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  1. #11
    Peter_pan's Avatar
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    After several hundred rainy nights under tarps between the JRB 8x8 and more cavernous large tarps I can say I've never been wet or had blow in problems...It really is mostly site protection/selection and proper pitch for conditions.

    I find it curious that the ground world, long a tent encased community, is migrating more and more to more open and lighter tarp tents and tarps....While hammockers are currently migrating the opposite to more enclosed tarps, additive end covers and even tents....Oh well... cycles are ever changing.

    Pan.
    Ounces to Grams.

    www.jacksrbetter.com ... Largest supplier of camping quilts and under quilts...Home of the Original Nest Under Quilt, and Bear Mountain Bridge Hammock. 800 595 0413

  2. #12
    Member Meteor's Avatar
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    Quote Originally Posted by Peter_pan View Post
    I find it curious that the ground world, long a tent encased community, is migrating more and more to more open and lighter tarp tents and tarps....While hammockers are currently migrating the opposite to more enclosed tarps, additive end covers and even tents....Oh well... cycles are ever changing.
    I've noticed the same. Not that it's a bad thing, it's just interesting to see the trend in smaller, bottomless tarp tents and the trend in larger, door-enclosed tarps for hangers.

  3. #13
    Senior Member angrysparrow's Avatar
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    Quote Originally Posted by Peter_pan View Post
    After several hundred rainy nights under tarps between the JRB 8x8 and more cavernous large tarps I can say I've never been wet or had blow in problems...It really is mostly site protection/selection and proper pitch for conditions.
    Same here.

    I do like the enclosed tarps for true winter conditions. I have one for that purpose. But for 3 season use, I'll choose a smaller and more open tarp every time. I prefer carrying my wits instead of carrying doors.
    “I think that when the lies are all told and forgot the truth will be there yet. It dont move about from place to place and it dont change from time to time. You cant corrupt it any more than you can salt salt.” - Cormac McCarthy

  4. #14
    Senior Member Barefoot Child's Avatar
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    bdonohue,
    it seems that we have become convinced that in order to stay dry that we must be all encased in a closed tent. The equipment manufactureres have given the people what they wanted....good, closed tenting systems.
    It may take some convincing but an open tarp that is smaller than you think is in fact enough to keep you dry even in a blowing all-day soaking rain storm. Think about all of the survival people telling us that a poncho is enough to provide shelter from the cold and rain. You can even get by with just a large garbage bag.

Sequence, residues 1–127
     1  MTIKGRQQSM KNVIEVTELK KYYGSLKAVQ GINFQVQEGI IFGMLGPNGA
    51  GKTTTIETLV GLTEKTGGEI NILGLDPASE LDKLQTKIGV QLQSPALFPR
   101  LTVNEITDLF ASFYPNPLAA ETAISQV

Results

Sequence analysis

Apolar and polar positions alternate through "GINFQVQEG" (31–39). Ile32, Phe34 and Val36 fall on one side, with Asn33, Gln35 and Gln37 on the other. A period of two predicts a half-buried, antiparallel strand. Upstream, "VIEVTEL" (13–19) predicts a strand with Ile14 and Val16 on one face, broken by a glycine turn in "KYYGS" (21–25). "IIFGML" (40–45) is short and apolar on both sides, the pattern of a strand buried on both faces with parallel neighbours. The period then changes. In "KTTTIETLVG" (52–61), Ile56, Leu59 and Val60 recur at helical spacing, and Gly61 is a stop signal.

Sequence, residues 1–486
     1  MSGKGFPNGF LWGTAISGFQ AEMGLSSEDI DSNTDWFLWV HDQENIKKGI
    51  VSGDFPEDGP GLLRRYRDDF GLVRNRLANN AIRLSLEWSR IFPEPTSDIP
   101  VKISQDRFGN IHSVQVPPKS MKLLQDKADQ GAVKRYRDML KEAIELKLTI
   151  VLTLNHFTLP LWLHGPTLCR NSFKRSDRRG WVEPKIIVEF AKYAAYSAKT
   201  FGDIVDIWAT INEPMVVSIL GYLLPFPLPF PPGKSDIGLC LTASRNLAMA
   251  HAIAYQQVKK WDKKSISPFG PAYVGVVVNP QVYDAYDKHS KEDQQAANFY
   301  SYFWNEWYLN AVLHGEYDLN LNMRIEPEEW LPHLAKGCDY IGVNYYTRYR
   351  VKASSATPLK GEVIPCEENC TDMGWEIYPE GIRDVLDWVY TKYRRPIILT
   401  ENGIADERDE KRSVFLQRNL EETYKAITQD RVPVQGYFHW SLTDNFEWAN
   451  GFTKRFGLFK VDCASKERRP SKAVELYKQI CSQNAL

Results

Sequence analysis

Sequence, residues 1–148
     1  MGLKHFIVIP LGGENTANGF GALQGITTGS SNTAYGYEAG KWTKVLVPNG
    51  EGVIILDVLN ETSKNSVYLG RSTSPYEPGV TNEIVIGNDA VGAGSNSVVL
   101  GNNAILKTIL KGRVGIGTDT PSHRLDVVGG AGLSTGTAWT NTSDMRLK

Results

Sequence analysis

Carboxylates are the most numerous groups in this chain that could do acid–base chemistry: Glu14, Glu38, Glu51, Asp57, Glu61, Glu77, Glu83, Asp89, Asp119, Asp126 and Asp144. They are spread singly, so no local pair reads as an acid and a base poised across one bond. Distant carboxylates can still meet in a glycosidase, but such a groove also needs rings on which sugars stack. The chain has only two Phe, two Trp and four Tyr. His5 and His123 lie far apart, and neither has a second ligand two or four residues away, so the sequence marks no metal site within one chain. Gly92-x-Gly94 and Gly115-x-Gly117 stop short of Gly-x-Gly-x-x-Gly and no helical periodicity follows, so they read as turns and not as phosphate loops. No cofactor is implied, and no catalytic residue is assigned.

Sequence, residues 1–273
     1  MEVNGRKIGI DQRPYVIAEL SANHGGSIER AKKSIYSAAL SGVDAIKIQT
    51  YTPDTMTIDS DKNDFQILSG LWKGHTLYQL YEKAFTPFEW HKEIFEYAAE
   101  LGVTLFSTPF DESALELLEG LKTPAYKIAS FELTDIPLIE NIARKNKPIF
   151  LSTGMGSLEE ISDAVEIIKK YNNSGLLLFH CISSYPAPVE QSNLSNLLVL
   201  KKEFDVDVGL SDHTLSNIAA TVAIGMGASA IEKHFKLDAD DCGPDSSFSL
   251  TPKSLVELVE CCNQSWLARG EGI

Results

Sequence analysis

It takes some getting use to, but you don't need an enclosed system to stay dry, and you can see more of nature besides. Instead of closing one's self off from your surroundings you now can do what you originally wanted, and that was to enjoy the outdoors! HYOH/YMMV

    Happy trails,
    Barefoot Child
    "If'n I'm gonna fall, someone is gonna' watch."
    Sean Emery

  5. #15
    Senior Member
    Formerly 'TroutEhCuss'
    Trout's Avatar
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    My DIY tarp kept me completely dry. I have a large tarp with doors, but the hammock is the length of the tarp and it did fine - I'm cutting it down several inches to solve the length issue.

  6. #16
    pizza's Avatar
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    I'm one of those that likes having doors all the time now. I had a few times where I did have some wind blown rain come in the ends of my MacCat Deluxe tarp last year. Not bad but enough to be a bit annoying. Pitch selection can eliminate rain from coming in the ends in many cases but winds can and do change and sometimes there are swirling winds to deal with too. I had doors added to my MacCat at 2Q & ZQ which are awesome. I also have a Superfly and I pretty much always use the removeable doors even if I don't need them. I kinda wish those were sewn on now since I've yet to pitch it without them. Just my preference I guess. The little bit of extra weight doesn't bother me since I'm not a gram weenie.

  7. #17
    Senior Member Just Jeff's Avatar
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    You don't need doors if your tarp is big enough...and "big enough to keep you dry" may be drastically different from "big enough to make you think you're gonna stay dry."